Putin, in what looked like a tacit acknowledgment that he is virtually certain of a second term after the 14 March poll, immediately signed a decree naming Deputy Prime Minister Viktor Khristenko as acting prime minister, a Kremlin spokeswoman said on Tuesday.
One Russian political analyst said Kasyanov's dismissal had been widely expected and that firing the entire government was a technical condition for that - however, he expected little overall change on the assumption that Putin will be re-elected.
"In accordance with article 117 of the Russian Constitution, I have decided today that the government is to resign," Putin said in a live television broadcast.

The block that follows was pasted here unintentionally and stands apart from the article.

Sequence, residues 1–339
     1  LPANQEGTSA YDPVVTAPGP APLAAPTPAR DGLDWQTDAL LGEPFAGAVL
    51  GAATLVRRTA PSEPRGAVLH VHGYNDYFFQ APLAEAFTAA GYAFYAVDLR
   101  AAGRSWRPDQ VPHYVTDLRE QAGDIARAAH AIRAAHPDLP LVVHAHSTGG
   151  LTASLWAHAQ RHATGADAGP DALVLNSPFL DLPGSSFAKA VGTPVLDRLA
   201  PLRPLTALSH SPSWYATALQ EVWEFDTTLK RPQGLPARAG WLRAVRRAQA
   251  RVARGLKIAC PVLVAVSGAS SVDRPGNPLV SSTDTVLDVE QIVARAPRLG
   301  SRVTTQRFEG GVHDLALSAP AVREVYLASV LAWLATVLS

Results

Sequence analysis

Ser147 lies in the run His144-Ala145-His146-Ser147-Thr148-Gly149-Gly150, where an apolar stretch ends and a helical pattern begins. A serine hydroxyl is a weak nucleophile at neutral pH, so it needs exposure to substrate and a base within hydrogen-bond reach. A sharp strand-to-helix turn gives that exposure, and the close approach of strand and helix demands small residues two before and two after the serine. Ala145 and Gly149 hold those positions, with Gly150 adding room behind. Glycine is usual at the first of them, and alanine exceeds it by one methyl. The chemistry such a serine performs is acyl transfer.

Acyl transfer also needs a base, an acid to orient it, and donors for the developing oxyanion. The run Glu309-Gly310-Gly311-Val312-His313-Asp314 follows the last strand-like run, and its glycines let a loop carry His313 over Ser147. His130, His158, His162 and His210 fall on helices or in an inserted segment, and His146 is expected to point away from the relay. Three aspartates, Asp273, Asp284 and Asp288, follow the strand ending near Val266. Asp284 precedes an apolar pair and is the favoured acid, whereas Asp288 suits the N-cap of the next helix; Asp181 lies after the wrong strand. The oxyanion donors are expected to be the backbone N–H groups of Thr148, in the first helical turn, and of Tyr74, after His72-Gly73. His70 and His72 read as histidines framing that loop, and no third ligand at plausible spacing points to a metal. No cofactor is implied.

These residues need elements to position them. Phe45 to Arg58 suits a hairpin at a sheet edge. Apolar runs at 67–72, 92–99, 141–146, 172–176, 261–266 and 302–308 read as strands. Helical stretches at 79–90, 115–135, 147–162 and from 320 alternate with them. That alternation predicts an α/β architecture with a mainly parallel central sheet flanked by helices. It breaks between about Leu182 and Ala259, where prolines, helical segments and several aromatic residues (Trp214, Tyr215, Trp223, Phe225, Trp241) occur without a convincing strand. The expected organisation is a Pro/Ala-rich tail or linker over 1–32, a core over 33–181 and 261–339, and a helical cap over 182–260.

"This decision is not linked to any assessment of the activity of the former government, which I believe on the whole to be satisfactory," he said.
"It is dictated by a wish once again to set down a position on how policy will develop in the country after 14 March, 2004."
Putin has long expressed impatience with Kasyanov, who is associated with the former administration of Boris Yeltsin, for not proceeding quickly enough with reform and not producing
strong enough economic growth.
Sergei Markov, an analyst at Moscow's Institute of Political
Studies said: "It is not the firing of the government. It is the
firing of Mikhail Kasyanov. According to the constitution, Putin
can not do it without firing the whole cabinet.
"I think that the team of reformers headed by (Economy
Minister) German Gref will keep their positions...I do not expect any big change."